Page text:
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114 of 122 people found the following review helpful
5.0 out of 5 stars The life analytic 8 Jan 2013
By uncle barbar TOP 100 REVIEWER
Format:Hardcover
To be honest, I am not a fan of Freudian analysis, regarding CBT as a less fanciful, if blunter tool for quickly fixing unwanted behaviour. However, I am fascinated by what people do, why they do it and how they think. I am pleased to say that the author does not shoehorn established Freudian ideas on to individual cases but is more intent on squirreling out a unique reason, based on the client's personal history, to account for their idiosyncratic behaviour. To me, this reflects more what true psychological analysis should be. The author does not confine himself purely to relating the details of his clients. He also describes an intriguing case he learned about while chatting to somebody on an aeroplane flight, proving that the author delights in the machinations of the human mind to the extent that he takes his work home with him.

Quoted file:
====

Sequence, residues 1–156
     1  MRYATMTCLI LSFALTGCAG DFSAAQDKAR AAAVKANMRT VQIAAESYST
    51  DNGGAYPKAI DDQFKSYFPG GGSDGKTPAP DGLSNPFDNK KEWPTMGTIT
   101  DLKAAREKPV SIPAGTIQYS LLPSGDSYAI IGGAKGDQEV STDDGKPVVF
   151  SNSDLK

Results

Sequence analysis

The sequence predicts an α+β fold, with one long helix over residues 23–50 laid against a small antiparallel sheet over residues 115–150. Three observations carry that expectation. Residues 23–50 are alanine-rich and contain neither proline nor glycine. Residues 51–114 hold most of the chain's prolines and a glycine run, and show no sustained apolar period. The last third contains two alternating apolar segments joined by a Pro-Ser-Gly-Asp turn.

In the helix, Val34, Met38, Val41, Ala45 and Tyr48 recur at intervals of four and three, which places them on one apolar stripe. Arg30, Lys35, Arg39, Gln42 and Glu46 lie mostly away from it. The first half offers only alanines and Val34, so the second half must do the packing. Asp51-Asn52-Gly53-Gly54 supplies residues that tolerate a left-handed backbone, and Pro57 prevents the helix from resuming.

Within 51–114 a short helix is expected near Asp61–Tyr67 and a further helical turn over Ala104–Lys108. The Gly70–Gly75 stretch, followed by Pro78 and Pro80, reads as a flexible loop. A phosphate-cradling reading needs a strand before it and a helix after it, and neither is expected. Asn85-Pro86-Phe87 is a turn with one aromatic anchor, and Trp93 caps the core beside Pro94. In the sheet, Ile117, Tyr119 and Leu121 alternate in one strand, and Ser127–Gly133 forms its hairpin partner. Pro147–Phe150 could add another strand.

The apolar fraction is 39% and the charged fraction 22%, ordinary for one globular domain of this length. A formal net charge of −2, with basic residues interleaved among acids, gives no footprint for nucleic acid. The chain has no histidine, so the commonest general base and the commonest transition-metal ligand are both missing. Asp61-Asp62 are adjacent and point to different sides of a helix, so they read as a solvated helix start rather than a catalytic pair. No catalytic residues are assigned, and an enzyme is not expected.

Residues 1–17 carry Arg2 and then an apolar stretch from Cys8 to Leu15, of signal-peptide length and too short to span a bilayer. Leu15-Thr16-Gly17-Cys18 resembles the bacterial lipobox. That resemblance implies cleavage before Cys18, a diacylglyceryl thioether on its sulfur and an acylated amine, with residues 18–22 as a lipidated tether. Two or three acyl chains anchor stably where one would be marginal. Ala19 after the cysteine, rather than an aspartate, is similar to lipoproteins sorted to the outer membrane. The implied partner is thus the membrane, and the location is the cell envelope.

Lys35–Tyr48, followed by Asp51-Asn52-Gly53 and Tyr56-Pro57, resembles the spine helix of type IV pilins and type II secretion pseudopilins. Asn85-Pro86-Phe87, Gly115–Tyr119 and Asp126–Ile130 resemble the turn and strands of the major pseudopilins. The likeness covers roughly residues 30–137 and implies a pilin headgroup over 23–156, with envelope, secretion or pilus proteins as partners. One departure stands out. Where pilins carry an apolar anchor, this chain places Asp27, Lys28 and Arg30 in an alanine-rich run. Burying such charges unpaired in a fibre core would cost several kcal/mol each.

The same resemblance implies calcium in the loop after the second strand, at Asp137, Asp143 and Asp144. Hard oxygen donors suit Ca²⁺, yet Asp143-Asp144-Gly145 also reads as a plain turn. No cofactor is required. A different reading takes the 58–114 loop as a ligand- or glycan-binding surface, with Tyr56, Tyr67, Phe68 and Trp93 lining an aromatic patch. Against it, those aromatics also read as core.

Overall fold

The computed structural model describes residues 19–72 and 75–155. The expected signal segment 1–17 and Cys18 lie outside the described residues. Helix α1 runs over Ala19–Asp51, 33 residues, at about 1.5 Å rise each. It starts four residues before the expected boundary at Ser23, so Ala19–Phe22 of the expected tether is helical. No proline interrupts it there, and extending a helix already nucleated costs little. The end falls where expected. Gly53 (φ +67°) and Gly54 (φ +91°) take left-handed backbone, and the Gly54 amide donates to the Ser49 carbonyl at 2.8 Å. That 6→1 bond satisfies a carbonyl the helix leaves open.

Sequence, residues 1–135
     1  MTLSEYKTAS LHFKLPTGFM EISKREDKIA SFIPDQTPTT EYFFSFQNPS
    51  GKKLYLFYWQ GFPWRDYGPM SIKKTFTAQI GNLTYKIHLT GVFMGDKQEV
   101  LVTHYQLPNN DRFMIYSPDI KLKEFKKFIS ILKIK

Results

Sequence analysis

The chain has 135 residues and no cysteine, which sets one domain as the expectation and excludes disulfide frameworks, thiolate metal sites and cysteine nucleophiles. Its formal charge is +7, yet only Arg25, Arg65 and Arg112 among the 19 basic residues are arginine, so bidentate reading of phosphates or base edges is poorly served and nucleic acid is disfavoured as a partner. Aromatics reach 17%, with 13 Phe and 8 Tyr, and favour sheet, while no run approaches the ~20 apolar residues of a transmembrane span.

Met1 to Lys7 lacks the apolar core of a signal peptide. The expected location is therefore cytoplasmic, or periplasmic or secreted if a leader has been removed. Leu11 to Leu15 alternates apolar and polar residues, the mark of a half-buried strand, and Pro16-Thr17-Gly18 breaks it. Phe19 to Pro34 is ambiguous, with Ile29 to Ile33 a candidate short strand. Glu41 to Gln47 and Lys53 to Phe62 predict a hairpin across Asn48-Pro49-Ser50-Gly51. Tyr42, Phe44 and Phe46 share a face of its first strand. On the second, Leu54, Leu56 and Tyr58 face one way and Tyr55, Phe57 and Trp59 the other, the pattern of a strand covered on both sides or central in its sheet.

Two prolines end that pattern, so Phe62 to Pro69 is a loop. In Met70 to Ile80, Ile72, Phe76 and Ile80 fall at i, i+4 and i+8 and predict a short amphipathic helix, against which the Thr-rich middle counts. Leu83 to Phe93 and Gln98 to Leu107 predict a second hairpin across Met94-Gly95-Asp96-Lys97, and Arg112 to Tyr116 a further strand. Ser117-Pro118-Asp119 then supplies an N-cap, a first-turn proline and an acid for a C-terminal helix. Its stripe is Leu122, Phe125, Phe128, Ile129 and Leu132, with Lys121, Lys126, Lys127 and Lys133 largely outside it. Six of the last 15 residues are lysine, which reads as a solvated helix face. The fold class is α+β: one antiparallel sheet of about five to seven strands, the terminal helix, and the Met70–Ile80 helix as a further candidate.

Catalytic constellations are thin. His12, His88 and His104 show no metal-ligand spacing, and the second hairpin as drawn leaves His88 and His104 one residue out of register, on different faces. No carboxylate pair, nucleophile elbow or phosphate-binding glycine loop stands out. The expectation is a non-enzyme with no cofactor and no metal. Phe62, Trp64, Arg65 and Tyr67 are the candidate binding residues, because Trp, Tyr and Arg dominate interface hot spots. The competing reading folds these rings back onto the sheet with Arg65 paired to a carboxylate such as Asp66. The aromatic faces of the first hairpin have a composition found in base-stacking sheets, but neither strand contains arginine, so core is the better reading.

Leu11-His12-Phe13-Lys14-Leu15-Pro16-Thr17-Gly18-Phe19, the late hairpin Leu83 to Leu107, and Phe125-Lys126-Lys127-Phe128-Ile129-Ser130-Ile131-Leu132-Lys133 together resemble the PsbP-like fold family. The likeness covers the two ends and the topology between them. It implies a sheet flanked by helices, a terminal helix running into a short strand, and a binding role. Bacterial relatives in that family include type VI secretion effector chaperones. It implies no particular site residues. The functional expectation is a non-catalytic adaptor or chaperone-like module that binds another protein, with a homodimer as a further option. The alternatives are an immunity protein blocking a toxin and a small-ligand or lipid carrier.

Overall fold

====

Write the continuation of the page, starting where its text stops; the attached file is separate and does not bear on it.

Each account is gripping in its own right and each gives an insight into human nature and the sometimes obscure reasons which may cause it. As you read, you will recognise the behaviour of friends, colleagues and loved ones of your own and start pondering just what makes them tick... Whether you are a champion of Freudian psychoanalysis or not, there is plenty to enjoy in this book because the stories are well told and intriguing. Whether you agree with the author's reading of the situation is of course open to debate but nevertheless it will get you thinking, and that cannot be bad. I found this to be an absorbing and entertaining read and one that I would highly recommend.
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147 of 158 people found the following review helpful
Format:Hardcover